My maternal Grandfather is a bit crazy, and I mean that in the nicest possible way. Under some circumstances he is the nicest, sweetest man I have ever met, who insists on taking me to eat whenever I come over.


In other circumstances, he is a demon incarnate. Like the times he is wiring electrical fuses and wires.


In still other circumstances, he is just insane.

3In case you can’t understand my drawing, this is my uncle WATERSKIING IN FOUR INCHES OF WATER BEHIND A TRUCK ON A ROAD. It was my Grandpa’s idea.

For over thirty years, he has gone camping with friends and male family members to a bleak, isolated mountain range in Nevada to wreak havoc on the fragile ecosystem. (By the way, this is on private land. My Grandpa knows rich people.) They ride four-wheelers and shoot lots of guns. I would not be surprised to discover he has accidentally killed off several species of jack rabbit from his, erm…enthusiasm.


I was allowed to start going when I was fourteen. It was glorious. I have never felt so manly in all my life as the times I am on these camping trips.

5I actually shouted that for miles in a testosterone-fueled stupor of manliness.

My grandma does not approve of these trips.
My Grandpa and Grandma once got an LDS mission call to Florida while he was out on this trip. She wouldn’t tell him where they were going. He had to cut it short and come home.
I can see why she dislikes them. One year we nearly got stuck out there because the mountain range received a year’s worth of rain in two days. When we tried to get the dune buggy unstuck, it ran over my uncle.

7Other than a brief stint of amnesia, he was fine.

He was so covered in mud that Grandpa, his father, failed to recognize him.


Another time I decided to get rid of a really annoying bush next to the campfire. Rather than do the sane thing- like, say, hacking at it with a shovel- I lit it on fire.

I do not care what you have experienced in life, you do not know true terror until you are watching a fire you started race up the side of a mountain. Everyone in camp stopped what they were doing and went to war with water and shovels. After fifteen minutes of utter horror, the fire was put out. You can still see the scorch marks on surrounding rocks. I also had to change underwear.
I’m pretty sure there is a 2:1 ratio of guns to people on these trips. I have ridden on the back of a four wheeler shooting at rabbits while my cousin was going thirty miles an hour. I watched one particularly crazy friend of a friend of an uncle shoot a propane tank. Once Grandpa was cleaning his (he thought) empty gun…and it went off.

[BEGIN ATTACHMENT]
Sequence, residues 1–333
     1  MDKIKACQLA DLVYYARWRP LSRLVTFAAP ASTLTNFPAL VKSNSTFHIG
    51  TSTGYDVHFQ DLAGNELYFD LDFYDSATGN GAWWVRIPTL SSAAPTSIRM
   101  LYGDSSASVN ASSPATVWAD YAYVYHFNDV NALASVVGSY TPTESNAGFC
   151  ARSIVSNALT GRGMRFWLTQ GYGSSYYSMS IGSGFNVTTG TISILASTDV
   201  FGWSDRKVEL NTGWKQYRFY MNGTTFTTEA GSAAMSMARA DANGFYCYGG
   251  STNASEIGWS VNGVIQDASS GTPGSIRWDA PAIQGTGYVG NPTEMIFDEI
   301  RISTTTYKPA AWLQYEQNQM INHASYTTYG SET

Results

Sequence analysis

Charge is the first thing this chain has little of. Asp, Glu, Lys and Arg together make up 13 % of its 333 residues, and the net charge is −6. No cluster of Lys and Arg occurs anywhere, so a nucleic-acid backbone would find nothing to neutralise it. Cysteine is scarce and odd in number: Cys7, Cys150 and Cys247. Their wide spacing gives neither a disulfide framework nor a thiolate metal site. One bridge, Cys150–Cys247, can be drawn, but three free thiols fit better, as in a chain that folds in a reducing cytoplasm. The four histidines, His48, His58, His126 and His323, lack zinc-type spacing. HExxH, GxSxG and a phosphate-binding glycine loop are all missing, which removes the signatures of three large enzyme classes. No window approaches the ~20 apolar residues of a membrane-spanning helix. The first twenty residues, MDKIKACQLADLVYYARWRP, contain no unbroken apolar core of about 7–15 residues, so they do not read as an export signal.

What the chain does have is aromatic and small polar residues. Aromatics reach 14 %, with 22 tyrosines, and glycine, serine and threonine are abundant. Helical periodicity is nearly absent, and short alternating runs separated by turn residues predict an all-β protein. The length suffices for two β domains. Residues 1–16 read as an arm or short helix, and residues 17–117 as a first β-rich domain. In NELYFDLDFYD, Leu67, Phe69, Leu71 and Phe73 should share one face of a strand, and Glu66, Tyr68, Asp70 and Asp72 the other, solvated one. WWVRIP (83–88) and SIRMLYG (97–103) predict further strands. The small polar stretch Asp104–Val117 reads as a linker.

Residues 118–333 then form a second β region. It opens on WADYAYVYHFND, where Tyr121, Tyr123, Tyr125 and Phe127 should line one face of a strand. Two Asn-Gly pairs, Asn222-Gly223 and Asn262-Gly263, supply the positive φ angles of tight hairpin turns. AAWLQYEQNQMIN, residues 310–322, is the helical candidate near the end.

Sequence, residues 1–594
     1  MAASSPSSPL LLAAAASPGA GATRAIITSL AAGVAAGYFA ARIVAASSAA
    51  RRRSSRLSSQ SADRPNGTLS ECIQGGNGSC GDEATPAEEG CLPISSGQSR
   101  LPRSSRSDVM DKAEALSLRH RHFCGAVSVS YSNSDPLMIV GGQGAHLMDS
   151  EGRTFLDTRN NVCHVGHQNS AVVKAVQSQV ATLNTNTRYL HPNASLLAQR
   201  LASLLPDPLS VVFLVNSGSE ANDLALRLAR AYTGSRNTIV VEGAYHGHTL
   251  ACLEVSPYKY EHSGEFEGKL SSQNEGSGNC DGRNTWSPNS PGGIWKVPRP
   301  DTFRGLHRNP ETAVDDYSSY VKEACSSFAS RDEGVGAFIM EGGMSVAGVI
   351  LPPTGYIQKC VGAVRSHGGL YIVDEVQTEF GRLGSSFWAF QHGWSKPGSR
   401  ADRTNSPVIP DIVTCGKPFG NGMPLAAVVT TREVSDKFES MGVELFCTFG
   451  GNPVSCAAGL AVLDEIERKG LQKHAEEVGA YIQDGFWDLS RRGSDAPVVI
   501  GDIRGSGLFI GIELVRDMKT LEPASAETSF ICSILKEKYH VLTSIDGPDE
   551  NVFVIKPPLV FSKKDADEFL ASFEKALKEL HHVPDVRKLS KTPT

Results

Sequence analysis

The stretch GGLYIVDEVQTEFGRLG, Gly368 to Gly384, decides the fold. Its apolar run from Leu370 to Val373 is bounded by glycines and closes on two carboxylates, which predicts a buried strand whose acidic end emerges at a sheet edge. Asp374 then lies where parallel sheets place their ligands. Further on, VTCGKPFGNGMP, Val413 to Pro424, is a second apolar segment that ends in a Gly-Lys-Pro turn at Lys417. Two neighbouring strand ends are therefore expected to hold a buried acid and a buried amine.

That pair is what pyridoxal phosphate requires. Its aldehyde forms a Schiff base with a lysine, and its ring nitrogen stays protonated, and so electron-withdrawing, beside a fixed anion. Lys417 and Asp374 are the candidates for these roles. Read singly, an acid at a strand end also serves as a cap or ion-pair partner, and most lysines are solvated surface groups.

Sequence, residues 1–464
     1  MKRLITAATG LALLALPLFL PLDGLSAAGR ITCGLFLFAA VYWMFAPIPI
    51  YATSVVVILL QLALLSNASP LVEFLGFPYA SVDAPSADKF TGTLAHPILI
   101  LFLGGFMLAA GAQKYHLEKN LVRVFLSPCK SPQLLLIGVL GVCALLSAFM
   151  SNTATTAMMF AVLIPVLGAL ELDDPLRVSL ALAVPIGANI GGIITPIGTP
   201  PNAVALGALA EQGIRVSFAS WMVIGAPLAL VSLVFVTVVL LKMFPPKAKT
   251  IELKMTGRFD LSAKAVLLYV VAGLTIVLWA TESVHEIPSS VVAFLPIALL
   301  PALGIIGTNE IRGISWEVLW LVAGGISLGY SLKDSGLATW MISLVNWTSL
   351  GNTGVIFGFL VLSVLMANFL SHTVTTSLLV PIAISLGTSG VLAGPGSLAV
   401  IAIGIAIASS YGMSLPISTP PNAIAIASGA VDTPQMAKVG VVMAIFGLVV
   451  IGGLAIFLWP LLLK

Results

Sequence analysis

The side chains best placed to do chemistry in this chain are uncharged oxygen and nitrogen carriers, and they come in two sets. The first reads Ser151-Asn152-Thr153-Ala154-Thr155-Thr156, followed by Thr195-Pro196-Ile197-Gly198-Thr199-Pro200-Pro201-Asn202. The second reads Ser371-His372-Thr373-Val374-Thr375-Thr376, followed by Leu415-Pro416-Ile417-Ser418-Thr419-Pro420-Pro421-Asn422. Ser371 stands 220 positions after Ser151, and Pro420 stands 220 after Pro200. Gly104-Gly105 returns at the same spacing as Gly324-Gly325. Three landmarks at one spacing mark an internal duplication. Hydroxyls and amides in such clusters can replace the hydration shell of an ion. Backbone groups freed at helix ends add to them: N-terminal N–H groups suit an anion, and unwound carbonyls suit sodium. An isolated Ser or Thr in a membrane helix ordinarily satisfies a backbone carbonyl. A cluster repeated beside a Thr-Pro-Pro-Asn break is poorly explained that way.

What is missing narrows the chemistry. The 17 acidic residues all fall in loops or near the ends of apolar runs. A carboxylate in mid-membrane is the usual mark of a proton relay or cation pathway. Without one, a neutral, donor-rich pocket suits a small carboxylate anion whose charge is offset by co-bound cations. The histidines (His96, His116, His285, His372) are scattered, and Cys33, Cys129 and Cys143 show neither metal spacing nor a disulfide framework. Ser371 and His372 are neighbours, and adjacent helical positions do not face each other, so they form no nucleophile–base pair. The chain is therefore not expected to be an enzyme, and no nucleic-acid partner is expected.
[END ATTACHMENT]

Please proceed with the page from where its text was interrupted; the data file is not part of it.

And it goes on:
It shot out his trailer window, the back window of his truck cab, and the windshield. My cousin and I had glass pebbles raining down on us the whole way home.
I have witnessed four wheelers roll a hundred and fifty feet into gorges. I had a four wheeler roll on top of me when I hit a tree stump. I’ve seen the same thing happen to my cousin.
Once I failed to realize that there was a large bump in front of me, and took it at forty miles an hour. My Grandpa’s Sportsman, which weighs a thousand pounds, was four feet in the air for thirty feet. We think it was a world record. I also think I might have gotten compression fractures up and down my spine from when I landed.
All of this, however, pales in comparison to…


My great uncle (Grandpa’s brother) has had various parachutes that he’s brought with him out here. The ground is pretty flat around the mountains, so we hook up the parachute to the back of a four wheeler. What happens next is the most indescribably wonderful experience humanity can participate in outside of a church.

Hi, Mom and Dad!

I have soared three hundred feet above the ground, connected only by a single rope. All your cares and worries slip away as you float dreamily through the sky. Time ceases to exist. I have been moved almost to tears up there.
That is, when it works right. When it doesn’t…hee hee hee…
In order to be as safe as possible (which really isn’t that safe), the wind has to be just right. There have been times when the wind suddenly picked up, and we haven’t been able to get people down. Once my great uncle was driving BACKWARDS at thirty miles an hour on his ATV, but the wind was still so strong we couldn’t get my uncle down.
Another time my great uncle had parked his ATV on the flats while we all stood in a circle and yakked, but he forgot to disconnect the parachute. A sudden gust of wind shot the empty parachute into the sky-and his ATV took off like a rocket. I laughed myself sick watching a dozen four wheelers chasing an empty four wheeler along the flats, its back tires rising ominously off the ground.
A passenger on one of the ATVs was going to try and leap on it, but failed. They rammed it instead. It worked- there were only a few major repairs needed.
If you wanted to ride the parasail, you had to strap a bunch of harnesses on. If you did it wrong, it could be extremely uncomfortable, as my poor cousin learned to his detriment.
He had only done it twice before, and my uncle Eric let my cousin strap himself in. He gave the thumbs up to my great uncle Frank, but just as the ATV started to go, he panicked.

A piteous wail could be heard echoing on the wind. No one on the ATVs could hear it of course…but the rest of us could.
My uncle desperately rode after Frank, trying to let him know that something was terribly wrong. Frank never noticed. When my cousin came down a half hour later, his voice was two octaves higher. We think it delayed the onset of puberty by eight or nine months.
We had to stop parasailing after that. My grandma cornered Frank and explained the situation to him.
We still go to the mountain, oh yes. We thoroughly enjoy every moment of it. You are welcome to join us.